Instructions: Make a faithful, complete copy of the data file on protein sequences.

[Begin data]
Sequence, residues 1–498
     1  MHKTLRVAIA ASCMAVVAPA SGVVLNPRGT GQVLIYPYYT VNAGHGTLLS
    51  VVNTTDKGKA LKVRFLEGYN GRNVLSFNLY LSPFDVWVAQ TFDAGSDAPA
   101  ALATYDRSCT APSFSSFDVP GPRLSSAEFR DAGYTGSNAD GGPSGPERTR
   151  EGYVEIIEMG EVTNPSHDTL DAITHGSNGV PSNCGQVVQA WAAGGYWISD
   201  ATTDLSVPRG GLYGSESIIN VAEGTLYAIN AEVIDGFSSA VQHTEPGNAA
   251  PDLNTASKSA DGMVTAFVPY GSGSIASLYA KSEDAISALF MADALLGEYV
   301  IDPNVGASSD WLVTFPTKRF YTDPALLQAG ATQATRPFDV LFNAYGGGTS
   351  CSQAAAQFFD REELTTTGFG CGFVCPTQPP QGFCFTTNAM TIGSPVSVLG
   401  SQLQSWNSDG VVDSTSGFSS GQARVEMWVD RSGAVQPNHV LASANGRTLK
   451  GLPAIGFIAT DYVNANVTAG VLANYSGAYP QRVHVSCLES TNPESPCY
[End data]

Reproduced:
Sequence, residues 1–498
     1  MHKTLRVAIA ASCMAVVAPA SGVVLNPRGT GQVLIYPYYT VNAGHGTLLS
    51  VVNTTDKGKA LKVRFLEGYN GRNVLSFNLY LSPFDVWVAQ TFDAGSDAPA
   101  ALATYDRSCT APSFSSFDVP GPRLSSAEFR DAGYTGSNAD GGPSGPERTR
   151  EGYVEIIEMG EVTNPSHDTL DAITHGSNGV PSNCGQVVQA WAAGGYWISD
   201  ATTDLSVPRG GLYGSESIIN VAEGTLYAIN AEVIDGFSSA VQHTEPGNAA
   251  PDLNTASKSA DGMVTAFVPY GSGSIASLYA KSEDAISALF MADALLGEYV
   301  IDPNVGASSD WLVTFPTKRF YTDPALLQAG ATQATRPFDV LFNAYGGGTS
   351  CSQAAAQFFD REELTTTGFG CGFVCPTQPP QGFCFTTNAM TIGSPVSVLG
   401  SQLQSWNSDG VVDSTSGFSS GQARVEMWVD RSGAVQPNHV LASANGRTLK
   451  GLPAIGFIAT DYVNANVTAG VLANYSGAYP QRVHVSCLES TNPESPCY